The FCA states that it requires assurance that personnel (including management and decision-making structures) and systems and controls (taking into account any offshore or outsourcing dependencies) are adequate for the firm’s U.K. activities to be effectively supervised.

They will also assess whether the U.K. operations are appropriately resourced financially by the firm as a whole, to avoid the risk that the firm cannot meet any legal and regulatory obligations arising from the operations of the branch.

The degree of cooperation between the FCA and the Home State supervisor is important to ensure that there is a proper flow of information.

Personnel and decision-making

Personnel and decision-making processes are important in the context of the resources and suitability of the firm. Key issues identified by the FCA are:

  • Application of the Senior Managers and Certification Regime (“SMCR”). The SMCR has applied only to a limited extent to passporting EEA Firms. Such firms will need to consider the impact of Brexit on internal governance arrangements and individual accountability.
  • Senior managers who are directly involved in managing the firm’s U.K. activities need to spend an adequate and proportionate amount of their time in the U.K.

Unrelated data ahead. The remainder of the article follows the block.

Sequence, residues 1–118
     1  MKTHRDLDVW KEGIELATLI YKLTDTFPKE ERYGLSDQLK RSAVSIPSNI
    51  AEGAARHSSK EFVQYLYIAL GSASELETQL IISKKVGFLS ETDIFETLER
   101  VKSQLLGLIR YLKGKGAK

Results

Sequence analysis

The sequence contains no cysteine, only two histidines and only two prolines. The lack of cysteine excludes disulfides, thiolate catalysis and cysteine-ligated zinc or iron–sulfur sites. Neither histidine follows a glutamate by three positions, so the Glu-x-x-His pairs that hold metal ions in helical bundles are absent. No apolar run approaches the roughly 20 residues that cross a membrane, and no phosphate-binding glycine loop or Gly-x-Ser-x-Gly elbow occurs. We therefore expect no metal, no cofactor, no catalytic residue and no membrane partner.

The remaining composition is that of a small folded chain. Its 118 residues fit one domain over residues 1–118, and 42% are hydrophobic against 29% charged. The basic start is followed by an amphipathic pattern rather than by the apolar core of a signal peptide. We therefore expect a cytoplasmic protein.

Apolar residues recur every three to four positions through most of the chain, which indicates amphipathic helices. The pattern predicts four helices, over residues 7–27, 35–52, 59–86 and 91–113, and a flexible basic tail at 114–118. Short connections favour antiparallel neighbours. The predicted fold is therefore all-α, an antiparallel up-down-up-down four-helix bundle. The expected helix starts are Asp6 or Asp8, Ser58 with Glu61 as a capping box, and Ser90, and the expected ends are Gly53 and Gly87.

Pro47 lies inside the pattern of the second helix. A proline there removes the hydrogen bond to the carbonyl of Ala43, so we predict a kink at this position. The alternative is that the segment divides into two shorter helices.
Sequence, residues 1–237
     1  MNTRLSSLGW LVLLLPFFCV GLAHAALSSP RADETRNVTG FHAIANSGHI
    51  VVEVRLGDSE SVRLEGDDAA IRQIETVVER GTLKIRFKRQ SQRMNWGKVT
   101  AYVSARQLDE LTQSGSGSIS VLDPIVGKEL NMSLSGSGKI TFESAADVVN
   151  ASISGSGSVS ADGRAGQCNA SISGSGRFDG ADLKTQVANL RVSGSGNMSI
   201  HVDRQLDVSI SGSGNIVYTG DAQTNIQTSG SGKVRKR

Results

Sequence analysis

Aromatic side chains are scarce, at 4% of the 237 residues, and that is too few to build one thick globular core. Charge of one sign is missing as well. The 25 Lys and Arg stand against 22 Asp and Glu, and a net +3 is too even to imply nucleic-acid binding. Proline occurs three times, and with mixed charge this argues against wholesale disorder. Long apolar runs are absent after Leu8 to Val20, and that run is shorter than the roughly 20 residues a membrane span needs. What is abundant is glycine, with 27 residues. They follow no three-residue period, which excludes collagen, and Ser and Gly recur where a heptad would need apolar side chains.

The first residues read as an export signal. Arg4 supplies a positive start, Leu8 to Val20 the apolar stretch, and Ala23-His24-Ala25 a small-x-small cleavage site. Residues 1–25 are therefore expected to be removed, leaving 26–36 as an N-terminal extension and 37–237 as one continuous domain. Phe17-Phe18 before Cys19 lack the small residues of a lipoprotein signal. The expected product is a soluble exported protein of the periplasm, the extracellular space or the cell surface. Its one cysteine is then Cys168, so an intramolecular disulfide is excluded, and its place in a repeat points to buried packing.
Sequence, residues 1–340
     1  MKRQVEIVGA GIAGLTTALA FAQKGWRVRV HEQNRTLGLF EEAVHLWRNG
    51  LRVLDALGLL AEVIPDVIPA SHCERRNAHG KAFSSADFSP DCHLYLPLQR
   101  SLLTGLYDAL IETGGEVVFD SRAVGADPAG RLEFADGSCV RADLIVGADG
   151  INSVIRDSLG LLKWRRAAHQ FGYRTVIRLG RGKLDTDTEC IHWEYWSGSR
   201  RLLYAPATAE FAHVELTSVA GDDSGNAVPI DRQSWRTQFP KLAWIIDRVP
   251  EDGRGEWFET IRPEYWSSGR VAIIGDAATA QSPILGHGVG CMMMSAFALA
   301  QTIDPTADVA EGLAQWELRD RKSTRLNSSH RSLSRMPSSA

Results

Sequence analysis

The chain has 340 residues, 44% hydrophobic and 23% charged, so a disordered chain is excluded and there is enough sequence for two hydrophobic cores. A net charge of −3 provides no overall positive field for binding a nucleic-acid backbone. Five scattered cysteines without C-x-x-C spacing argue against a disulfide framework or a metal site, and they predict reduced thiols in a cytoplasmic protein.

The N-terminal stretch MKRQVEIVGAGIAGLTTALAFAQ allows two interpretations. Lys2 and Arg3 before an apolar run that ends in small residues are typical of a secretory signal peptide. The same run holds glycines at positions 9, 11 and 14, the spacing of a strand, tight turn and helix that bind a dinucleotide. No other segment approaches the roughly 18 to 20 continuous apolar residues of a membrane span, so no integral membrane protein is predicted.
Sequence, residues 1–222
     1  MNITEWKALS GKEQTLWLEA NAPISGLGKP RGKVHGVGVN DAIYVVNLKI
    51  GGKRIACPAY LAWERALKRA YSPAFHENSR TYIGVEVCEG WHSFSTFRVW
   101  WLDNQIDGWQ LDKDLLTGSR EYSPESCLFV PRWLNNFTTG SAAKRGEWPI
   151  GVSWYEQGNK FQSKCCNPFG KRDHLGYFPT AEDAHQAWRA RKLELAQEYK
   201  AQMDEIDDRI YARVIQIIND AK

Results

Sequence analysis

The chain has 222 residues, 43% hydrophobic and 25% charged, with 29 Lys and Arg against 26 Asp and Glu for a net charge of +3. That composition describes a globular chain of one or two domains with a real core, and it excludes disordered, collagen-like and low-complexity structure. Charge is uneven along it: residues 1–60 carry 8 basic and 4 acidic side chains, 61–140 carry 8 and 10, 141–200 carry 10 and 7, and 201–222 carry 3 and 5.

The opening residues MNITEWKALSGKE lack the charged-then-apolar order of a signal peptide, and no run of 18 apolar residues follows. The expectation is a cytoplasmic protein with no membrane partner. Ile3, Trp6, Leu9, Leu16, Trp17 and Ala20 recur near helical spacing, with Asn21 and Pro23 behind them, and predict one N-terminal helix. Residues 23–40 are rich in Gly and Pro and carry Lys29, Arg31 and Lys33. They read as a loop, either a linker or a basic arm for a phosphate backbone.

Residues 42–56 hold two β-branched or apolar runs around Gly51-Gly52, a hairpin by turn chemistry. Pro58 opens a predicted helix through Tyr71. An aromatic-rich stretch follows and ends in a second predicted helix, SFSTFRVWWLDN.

• Individuals outside the U.K. whose involvement in U.K. operations is confined to purely strategic matters can be located outside the U.K.
  • Individuals responsible for the day-to-day management of the U.K. branch will need to have sufficiently independent decision-making powers and to exercise independent challenge over strategic decisions that affect the wider firm.

Systems and controls

Firms authorised in the U.K. must have appropriate non-financial resources including systems, controls and human resources.

As already noted, international groups will tend to use centralised services and intra-group outsourcing. Important points in this respect are that:

  • Outsourcing arrangements should not impair the quality of the firm’s governance and internal controls and the FCA’s ability to supervise the firm.
  • Where an international firm’s U.K. operations are dependent on services provided from other locations of the firm, the FCA will consider whether these arrangements impair the FCA’s ability to supervise the firm effectively.

In practice, the FCA is well used to firms relying on outsourcing so that the concerns raised by the FCA mean ensuring that these arrangements are appropriately structured, documented and supervised.

Home state jurisdiction